I experienced the following issues in my NUC6CAYH, lack of support for DTS-HD-MA and other HBR audio file formats, lack of support for PCM audio at 192/24 encoding, applying the latest firmware and drivers limited the gizmo to 96/24 audio, etc.
After some proofs I discovered a couple of things:
If you start playing HBR audio and then turn off the TV or monitor, my receiver started to bitstream audio at 192/24 effortlessly, even the so-called HBR file formats. The receiver correctly detected the HBR formats and worked ok.
If I turned on the screen (a Samsung 4K Smart TV), the sound went mute. Turning off the TV allowed to recover the audio.
I suspected either a bandwidth issue with the HDMI 2.0 LPSCON implementation or a case of just awful driver implementation.
Then I tried to use the ASIO4ALL drivers, which are sort of a universal ASIO solution for sound devices that do not come with a manufacturer supplied ASIO driver. It enables the audio software to get direct access to the hardware, bypassing all the WDM stuff in between.
And guess what?
Using the ASIO4ALL drivers, I can play audio at 192/24, even multichannel audio (8 channels). The problem with this approach is that the audio decoding is being done in the NUC's CPU, so in Task Manager I could see CPU loads of up to 70% when decoding a 6 channel SACD ISO file.
The receiver gets LPCM audio up to 192/24 in 8 channels.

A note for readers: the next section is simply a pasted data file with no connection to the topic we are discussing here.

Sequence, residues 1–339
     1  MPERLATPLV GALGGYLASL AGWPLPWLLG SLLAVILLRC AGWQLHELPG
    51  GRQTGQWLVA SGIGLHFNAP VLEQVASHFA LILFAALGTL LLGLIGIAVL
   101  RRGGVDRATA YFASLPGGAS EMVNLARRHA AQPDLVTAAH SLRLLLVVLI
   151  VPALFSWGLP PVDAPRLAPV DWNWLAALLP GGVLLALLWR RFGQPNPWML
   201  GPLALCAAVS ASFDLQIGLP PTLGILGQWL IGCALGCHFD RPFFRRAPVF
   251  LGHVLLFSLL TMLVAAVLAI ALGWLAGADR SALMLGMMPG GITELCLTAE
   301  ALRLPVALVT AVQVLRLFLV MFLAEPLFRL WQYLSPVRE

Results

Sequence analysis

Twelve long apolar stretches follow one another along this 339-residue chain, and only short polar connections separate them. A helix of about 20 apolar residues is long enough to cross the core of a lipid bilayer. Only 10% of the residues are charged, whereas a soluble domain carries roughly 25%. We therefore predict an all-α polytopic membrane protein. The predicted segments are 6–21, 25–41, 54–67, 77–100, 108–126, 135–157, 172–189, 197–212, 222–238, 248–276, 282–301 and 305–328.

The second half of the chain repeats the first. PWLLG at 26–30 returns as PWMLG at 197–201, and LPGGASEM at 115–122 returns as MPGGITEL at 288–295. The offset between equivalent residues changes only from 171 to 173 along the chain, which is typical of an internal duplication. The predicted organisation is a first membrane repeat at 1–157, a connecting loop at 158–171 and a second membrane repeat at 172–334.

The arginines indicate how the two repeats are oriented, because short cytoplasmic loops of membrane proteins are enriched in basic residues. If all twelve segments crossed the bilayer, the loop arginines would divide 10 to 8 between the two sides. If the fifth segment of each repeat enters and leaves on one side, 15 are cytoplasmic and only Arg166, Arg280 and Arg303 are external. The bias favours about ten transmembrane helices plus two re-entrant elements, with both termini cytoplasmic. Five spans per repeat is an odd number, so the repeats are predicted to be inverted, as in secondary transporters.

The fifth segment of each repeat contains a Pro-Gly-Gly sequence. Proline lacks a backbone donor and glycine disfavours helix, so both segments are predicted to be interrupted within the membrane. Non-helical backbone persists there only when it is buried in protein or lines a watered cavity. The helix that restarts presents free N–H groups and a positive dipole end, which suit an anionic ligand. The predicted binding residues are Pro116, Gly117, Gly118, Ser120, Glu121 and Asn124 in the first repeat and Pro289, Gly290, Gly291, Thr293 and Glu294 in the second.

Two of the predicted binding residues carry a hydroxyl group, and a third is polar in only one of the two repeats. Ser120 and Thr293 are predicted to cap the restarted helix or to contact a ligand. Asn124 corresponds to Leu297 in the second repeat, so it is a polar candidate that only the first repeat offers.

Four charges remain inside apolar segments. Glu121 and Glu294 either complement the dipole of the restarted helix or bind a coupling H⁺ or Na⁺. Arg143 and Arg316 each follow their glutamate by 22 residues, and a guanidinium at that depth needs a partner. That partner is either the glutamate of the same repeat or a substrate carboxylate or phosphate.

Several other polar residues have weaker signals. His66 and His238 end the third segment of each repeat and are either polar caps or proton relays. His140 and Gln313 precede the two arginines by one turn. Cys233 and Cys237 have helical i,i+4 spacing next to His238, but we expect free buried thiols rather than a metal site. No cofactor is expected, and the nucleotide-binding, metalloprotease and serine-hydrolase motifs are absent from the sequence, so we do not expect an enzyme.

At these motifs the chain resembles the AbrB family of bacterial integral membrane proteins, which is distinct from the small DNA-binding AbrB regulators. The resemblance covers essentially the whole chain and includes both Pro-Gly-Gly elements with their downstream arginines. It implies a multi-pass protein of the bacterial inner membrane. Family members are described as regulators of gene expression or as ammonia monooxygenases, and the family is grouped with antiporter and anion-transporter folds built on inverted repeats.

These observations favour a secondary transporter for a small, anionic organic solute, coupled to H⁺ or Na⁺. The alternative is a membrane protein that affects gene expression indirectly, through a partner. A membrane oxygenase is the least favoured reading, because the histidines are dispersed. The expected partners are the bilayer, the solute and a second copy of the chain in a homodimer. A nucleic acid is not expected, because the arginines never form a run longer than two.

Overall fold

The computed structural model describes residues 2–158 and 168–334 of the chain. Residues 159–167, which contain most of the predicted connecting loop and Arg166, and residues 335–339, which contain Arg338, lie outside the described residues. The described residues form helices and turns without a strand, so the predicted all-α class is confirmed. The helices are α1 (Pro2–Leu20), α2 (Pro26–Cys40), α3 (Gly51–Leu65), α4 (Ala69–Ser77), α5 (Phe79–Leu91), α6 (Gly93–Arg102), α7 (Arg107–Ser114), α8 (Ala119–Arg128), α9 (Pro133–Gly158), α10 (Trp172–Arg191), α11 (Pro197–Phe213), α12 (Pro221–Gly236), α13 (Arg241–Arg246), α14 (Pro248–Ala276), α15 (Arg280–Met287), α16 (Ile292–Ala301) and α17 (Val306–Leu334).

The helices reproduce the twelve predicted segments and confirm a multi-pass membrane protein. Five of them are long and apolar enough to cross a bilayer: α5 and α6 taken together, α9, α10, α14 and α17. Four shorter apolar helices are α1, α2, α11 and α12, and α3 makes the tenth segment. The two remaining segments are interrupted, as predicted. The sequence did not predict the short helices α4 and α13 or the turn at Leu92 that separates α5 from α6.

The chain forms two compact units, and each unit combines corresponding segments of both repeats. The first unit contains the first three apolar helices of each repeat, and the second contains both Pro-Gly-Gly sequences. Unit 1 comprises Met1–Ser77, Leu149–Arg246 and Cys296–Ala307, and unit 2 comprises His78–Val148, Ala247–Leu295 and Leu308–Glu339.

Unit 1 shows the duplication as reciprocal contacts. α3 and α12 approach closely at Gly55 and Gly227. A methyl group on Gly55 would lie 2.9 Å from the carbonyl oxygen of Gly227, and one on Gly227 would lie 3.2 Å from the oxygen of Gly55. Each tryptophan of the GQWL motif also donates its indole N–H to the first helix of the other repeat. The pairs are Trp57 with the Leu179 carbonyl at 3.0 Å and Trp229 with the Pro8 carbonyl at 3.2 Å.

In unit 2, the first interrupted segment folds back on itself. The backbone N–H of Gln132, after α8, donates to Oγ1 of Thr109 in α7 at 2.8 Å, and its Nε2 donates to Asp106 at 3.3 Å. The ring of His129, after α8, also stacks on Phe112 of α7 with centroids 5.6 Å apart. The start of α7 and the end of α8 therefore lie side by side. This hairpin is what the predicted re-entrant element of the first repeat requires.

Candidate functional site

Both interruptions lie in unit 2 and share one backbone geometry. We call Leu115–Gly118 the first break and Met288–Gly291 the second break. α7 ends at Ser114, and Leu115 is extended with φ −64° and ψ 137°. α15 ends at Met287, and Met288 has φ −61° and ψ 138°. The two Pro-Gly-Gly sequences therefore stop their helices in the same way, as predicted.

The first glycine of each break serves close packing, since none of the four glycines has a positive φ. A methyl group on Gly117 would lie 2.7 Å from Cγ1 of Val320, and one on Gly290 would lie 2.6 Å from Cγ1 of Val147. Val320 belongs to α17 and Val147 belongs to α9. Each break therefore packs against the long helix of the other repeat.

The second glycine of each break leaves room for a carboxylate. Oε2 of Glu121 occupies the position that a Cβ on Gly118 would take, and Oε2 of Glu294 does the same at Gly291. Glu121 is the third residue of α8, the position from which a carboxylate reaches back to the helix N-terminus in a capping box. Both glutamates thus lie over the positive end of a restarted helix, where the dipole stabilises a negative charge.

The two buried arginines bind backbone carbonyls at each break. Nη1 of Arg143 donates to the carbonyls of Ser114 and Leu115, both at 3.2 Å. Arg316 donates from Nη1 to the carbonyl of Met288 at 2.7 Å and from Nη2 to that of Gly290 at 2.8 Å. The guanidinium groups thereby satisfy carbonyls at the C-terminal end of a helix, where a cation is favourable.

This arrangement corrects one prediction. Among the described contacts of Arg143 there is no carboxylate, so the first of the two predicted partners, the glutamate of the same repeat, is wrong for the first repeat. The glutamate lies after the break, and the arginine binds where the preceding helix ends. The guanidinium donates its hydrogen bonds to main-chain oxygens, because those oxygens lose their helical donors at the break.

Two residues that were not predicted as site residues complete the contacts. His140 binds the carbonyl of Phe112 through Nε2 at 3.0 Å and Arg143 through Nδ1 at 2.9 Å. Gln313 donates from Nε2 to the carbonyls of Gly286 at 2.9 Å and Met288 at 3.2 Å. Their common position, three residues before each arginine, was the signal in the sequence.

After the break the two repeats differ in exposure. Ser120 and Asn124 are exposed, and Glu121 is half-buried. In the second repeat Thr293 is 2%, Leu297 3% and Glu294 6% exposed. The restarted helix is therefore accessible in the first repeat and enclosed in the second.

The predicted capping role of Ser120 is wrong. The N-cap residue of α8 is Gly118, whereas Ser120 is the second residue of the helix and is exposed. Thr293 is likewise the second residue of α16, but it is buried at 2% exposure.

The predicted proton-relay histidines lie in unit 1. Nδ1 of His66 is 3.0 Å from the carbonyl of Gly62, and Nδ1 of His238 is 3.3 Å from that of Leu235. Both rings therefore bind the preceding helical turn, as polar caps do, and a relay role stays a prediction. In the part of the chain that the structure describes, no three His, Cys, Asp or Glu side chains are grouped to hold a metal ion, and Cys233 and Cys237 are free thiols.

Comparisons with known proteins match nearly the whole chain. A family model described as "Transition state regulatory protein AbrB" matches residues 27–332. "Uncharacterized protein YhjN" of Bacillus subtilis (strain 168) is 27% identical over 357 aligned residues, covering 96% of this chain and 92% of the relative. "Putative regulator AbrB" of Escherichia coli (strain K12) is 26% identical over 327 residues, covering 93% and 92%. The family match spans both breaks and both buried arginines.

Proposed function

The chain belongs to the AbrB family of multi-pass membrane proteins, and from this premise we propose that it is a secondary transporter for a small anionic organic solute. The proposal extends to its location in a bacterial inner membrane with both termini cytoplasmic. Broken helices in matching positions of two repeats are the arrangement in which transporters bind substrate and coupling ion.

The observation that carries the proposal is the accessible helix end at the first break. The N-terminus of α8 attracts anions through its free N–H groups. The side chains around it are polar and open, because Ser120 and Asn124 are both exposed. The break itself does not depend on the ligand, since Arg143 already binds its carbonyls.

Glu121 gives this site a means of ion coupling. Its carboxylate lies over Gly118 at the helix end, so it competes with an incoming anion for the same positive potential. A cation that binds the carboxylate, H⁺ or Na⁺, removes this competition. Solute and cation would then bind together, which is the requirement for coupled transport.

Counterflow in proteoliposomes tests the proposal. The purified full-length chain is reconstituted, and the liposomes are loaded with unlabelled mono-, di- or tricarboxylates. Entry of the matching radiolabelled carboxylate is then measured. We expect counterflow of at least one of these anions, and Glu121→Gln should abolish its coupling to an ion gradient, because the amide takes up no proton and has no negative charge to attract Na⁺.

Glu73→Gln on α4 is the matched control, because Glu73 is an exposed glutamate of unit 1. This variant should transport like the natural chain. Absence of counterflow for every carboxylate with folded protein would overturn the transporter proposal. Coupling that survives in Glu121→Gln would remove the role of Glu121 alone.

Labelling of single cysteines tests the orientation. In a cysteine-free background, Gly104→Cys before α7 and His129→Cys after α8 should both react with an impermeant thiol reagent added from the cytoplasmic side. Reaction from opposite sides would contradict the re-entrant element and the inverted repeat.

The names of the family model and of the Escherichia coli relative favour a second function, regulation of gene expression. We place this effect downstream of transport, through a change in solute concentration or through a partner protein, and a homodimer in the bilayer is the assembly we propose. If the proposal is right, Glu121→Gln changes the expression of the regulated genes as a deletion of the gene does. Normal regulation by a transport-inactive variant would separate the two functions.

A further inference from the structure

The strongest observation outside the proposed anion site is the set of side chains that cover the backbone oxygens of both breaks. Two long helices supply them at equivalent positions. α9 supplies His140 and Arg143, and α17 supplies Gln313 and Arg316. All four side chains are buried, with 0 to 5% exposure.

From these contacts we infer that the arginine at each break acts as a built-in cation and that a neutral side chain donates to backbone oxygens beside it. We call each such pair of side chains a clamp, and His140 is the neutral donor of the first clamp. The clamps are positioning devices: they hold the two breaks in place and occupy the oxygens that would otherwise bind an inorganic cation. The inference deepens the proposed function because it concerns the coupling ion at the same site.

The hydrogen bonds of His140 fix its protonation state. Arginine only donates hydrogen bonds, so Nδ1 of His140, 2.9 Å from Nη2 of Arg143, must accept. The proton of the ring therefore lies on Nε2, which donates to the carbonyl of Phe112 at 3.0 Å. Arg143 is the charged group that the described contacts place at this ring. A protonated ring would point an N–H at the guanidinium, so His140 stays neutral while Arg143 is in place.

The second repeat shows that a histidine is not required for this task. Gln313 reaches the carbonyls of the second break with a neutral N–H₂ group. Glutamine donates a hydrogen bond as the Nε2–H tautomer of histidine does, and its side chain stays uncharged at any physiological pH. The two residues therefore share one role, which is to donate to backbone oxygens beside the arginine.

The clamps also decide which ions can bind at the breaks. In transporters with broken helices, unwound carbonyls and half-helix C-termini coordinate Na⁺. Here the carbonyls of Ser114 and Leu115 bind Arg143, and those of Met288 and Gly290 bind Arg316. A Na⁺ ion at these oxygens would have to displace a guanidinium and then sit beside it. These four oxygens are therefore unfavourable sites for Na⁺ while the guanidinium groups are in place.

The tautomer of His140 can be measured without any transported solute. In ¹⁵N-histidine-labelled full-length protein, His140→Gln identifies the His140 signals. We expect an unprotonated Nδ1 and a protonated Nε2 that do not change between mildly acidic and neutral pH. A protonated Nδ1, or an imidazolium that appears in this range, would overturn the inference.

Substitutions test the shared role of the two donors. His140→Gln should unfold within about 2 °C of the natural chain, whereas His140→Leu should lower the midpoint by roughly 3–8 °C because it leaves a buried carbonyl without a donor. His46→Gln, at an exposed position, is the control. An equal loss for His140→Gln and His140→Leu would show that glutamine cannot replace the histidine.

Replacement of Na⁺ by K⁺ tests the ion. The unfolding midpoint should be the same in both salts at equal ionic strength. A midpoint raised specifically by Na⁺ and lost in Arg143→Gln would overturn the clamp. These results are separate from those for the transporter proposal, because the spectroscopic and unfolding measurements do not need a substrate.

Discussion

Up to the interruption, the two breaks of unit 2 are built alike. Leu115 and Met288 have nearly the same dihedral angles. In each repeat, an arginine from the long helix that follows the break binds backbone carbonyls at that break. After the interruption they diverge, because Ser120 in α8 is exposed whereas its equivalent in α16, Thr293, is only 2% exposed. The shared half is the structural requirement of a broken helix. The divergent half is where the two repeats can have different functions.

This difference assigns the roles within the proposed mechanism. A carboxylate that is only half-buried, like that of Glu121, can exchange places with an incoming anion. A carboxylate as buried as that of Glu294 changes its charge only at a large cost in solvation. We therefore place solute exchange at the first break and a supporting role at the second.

So, I defaulted the audio software player to use the ASIO4ALL drivers and decided to waste no more time trying to make WASAPI work (I'm using Jriver MediaCenter 23).
By the way, I'm using the latest Intel drivers, which are limited to 96/24 audio. The ASIO4ALL drivers don't seem to care about this, playing audio at 192/24 just fine, although with heavy CPU load.
So, here goes a question to the Intel guys: Is this a hardware limitation or a software driver limitation? How is it possible that using a third party supplied ASIO drivers enables the NUC to do things that seem impossible with the Intel-native drivers?
By the way. I also discovered that the problem with HBR audio decoding is due to the poor ARC implementation in the Samsung Tizen 4k TVs. The ARC signal can be received by the TV as either PCM or bitstream, but the return audio signal can be only PCM, Dolby Digital, DTS or Dolby Digital +.
I guess that is why HBR encoded files play flawlessly if I turn off the TV: HDMI audio no longer uses ARC, it starts being decoded by the receiver.
The only alternative that I found is to use an HDMI audio extractor and splitter called HD Fury. This splitter detects the EDID info of each device that it is connected to and delivers what the device requires. Nice, but at 150 USD it seems to be a bit too expensive way to solve the 130 USD NUC's problem.
Since I use the NUC mostly for audio, I can also leave the TV turned off and control the Jriver Media Center software via its web server or it's Android app and get HBR support via WASAPI. But this is somewhat cumbersome.
So, I suppose that the life expectancy of my NUC will be reduced by the heavy CPU load while playing multichannel HD audio, but at least I can still use the darn thing.
Message was edited by: Mirko Torrez Contreras